The Biden administration recently accused Republican Sen. Josh Hawley of "parroting Russian talking points" when he suggested that the U.S. should oppose Ukraine’s membership in the North Atlantic Treaty Organization (NATO). The administration’s response was insulting, but it was also wildly off the mark because Hawley’s objections to bringing Ukraine into NATO had nothing to do with Russia or Russia policy as such. A closer look at Hawley’s argument against NATO expansion shows that his doubts about adding Ukraine to the alliance are based entirely on a hawkish preoccupation with containing China. It appears that he opposes further NATO expansion only because it might detract from a larger military buildup in East Asia that he wishes to see. Opposing new security commitments in one region so that the US can entangle itself more deeply in another is just another kind of militarism and overreach. The China hawks aren’t antiwar.
Hawley’s case against expanding US commitments in Europe is a simple one. He writes, "we must do less in those secondary theaters in order to prioritize denying China’s hegemonic ambitions in the Indo-Pacific." This is consistent with the so-called "strategy of denial" outlined by Elbridge Colby in his book of the same name, according to which containing Chinese power should be the overriding concern of US foreign policy. China hawks are frustrated by the attention Europe is currently receiving because it threatens to derail or at least delay the confrontational policies they want the US to pursue on the other side of the world. If they had their way, the US would jump out of the confrontational frying pan into the militaristic fire.
China hawks do not really object to taking an overall hardline approach to Russia as long as it doesn’t take up too many resources. In Hawley’s case, he isn’t even absolutely opposed to bringing Ukraine into NATO as long as European allies pick up more of the slack with increased military spending. As he says, "Concerns about NATO enlargement might be lessened if our European allies were shouldering their fair share of the burden of our collective defense. Were they doing so, then it might not be so difficult for NATO to admit new members, without jeopardizing America’s ability to keep its focus on the Indo-Pacific." Hawley seems oblivious or indifferent to the fact that bringing Ukraine into NATO would create an obligation to defend a country that the US and its allies have no ability to defend successfully against a nuclear-armed state. All the same risks and dangers of adding more members would remain the same. More European military spending here and there would not change the reality that this is an irresponsible and reckless commitment for the alliance to make.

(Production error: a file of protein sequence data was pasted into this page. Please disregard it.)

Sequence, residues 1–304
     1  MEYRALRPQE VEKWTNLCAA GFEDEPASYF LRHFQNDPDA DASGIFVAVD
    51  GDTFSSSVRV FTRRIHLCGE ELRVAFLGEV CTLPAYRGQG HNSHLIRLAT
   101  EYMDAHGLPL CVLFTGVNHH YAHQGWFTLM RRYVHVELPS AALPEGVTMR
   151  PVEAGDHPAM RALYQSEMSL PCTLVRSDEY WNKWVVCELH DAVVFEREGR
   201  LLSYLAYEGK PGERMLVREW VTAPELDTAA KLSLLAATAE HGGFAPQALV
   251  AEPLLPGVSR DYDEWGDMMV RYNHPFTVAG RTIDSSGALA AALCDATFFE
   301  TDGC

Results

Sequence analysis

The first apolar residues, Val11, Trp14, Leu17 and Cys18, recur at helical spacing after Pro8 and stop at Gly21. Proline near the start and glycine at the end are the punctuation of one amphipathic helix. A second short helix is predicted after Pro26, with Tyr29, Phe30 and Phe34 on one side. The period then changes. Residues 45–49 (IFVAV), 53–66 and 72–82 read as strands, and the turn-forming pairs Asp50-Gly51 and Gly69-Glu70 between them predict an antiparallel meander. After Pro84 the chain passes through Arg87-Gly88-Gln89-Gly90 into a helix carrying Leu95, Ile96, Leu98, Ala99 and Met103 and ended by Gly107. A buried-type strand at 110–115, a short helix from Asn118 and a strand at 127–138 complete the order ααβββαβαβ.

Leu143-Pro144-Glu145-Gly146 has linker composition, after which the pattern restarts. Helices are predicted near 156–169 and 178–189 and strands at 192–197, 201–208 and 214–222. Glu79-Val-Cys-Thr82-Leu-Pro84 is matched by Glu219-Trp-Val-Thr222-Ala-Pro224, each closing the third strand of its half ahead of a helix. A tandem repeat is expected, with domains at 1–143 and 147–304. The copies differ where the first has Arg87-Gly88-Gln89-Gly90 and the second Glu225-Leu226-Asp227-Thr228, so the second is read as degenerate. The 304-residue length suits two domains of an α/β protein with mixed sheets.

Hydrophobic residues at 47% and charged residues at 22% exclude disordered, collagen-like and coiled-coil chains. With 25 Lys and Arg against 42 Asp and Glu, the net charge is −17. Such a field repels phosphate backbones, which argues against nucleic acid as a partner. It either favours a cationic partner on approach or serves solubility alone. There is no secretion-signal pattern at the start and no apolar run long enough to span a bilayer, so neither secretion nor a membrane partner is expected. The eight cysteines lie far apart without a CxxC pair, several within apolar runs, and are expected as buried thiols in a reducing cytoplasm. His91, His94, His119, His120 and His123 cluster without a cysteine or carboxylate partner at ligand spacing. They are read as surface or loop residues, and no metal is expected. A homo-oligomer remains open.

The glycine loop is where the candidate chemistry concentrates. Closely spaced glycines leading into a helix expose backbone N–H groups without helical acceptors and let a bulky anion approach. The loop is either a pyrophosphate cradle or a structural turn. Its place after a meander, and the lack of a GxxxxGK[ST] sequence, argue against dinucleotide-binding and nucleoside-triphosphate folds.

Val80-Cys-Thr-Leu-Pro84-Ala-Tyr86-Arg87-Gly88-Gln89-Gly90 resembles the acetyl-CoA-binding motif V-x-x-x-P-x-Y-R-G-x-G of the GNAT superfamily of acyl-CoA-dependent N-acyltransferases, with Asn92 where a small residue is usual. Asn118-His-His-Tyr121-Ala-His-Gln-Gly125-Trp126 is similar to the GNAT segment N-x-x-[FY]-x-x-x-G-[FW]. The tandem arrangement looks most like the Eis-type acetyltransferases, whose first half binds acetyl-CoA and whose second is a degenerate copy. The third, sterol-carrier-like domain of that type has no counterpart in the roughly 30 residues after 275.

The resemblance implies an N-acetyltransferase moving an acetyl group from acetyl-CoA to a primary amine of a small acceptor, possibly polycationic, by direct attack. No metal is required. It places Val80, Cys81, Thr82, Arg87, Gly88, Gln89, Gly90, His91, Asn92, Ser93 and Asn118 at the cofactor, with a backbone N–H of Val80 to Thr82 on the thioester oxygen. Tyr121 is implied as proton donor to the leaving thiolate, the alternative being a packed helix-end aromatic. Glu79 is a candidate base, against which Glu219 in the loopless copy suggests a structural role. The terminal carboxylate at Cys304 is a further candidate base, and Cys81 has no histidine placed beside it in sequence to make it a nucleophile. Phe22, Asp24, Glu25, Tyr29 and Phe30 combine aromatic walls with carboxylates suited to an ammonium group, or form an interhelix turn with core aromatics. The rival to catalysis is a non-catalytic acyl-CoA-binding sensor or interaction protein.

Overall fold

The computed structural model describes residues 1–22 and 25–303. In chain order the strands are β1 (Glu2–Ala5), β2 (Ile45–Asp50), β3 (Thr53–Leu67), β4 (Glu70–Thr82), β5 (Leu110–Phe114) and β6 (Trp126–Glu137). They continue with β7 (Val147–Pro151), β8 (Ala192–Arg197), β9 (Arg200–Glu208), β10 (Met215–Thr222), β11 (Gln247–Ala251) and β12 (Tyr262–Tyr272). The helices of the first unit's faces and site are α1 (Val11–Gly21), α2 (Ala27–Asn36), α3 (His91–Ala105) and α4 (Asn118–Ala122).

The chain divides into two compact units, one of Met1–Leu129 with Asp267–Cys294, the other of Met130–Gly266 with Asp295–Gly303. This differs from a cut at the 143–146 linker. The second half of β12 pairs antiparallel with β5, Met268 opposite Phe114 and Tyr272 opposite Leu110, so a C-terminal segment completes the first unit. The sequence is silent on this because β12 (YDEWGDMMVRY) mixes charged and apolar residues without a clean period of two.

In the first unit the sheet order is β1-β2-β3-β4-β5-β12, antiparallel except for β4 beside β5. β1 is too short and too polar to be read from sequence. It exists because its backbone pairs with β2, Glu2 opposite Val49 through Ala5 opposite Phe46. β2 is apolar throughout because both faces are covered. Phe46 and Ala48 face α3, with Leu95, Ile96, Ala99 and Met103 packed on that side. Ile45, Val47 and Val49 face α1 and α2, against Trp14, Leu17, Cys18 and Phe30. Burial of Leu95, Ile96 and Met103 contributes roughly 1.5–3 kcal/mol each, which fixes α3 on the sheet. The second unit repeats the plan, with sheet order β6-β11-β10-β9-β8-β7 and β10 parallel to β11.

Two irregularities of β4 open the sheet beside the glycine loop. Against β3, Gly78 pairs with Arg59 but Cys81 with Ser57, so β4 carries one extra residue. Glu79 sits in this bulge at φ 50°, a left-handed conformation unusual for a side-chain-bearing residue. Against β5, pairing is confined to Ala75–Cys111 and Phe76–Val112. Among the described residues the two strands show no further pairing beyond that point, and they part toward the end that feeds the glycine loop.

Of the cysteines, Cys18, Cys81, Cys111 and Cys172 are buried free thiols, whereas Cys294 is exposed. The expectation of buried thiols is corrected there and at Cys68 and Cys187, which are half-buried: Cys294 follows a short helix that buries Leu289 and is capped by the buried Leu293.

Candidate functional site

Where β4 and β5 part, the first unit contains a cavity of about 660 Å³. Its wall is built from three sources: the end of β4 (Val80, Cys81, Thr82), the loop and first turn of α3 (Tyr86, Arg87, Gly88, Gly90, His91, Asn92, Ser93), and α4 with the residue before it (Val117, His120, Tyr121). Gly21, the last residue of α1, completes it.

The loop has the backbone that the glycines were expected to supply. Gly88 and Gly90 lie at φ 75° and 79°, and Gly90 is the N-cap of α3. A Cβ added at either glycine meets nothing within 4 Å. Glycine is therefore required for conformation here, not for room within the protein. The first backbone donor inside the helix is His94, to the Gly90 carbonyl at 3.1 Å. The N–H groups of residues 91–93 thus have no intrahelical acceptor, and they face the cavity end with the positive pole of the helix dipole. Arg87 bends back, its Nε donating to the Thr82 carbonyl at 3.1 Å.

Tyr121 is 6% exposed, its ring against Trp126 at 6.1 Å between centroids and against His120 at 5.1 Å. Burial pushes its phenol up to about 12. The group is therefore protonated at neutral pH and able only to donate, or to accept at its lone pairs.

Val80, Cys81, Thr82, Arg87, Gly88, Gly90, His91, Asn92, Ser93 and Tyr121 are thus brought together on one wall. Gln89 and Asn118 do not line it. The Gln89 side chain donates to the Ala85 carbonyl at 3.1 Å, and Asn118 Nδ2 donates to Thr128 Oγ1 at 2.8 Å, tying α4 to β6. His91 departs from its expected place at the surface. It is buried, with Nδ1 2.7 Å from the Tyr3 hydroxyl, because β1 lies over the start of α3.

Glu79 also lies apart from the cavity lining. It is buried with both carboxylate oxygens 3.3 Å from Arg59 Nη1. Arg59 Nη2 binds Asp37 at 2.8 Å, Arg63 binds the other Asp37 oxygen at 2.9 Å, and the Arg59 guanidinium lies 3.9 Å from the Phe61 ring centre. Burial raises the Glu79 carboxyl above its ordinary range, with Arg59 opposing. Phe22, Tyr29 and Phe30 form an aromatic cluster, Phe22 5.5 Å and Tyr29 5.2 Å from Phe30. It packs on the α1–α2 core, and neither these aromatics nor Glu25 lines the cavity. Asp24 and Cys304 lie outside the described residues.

Hawks like Hawley have proven to be opportunistic and unreliable in their embrace of antiwar arguments in the past. When Biden first announced the US forces would withdraw from Afghanistan, Hawley agreed with the decision but also attacked Biden for moving too slowly. Then, when the withdrawal happened, he condemned Biden for it and demanded his resignation. In response to the latest Biden administration criticism, Hawley said that Biden would be responsible for any Russian attack on Ukraine because he refrained from imposing Nord Stream 2 sanctions and didn’t do enough to "aid" Ukraine earlier. When faced with the slightest opposition, the senator responded with the most unthinking hawkish talking points imaginable. Even when it seems as if he might be on the right track on this or that policy, it seems that he is mostly just looking for any angle that he can use to bash a Democratic president no matter what the issue is. If Biden had ruled out further NATO expansion, it would not be difficult to imagine Hawley claiming that this was a great betrayal.
Hawley was never "parroting Russian talking points," but he is reciting the conventional wisdom that China is the great enemy that must be contained at all costs. That view is much more dangerous for the United States because it is so widely shared and so rarely questioned in our foreign policy debates. It is most often the policy views that enjoy broad, bipartisan support that are the least scrutinized and likeliest to produce costly failures later. The assumption that the US has to contain China and "deny" its regional dominance is setting the US on a path to more military spending and ruinous, avoidable conflicts. That is the path that China hawks would have us take, and it would be every bit as dangerous as the continued pursuit of NATO expansion on Russia’s doorstep, if not more so. Rather than courting great power conflict in Europe or Asia as it is doing now, the US would do well to focus on managing and reducing tensions with both Russia and China.
Daniel Larison is a contributing editor and weekly columnist for Antiwar.com and maintains his own site at Eunomia. He is former senior editor at The American Conservative. He has been published in the New York Times Book Review, Dallas Morning News, World Politics Review, Politico Magazine, Orthodox Life, Front Porch Republic, The American Scene, and Culture11, and was a columnist for The Week. He holds a PhD in history from the University of Chicago, and resides in Lancaster, PA. Follow him on Twitter.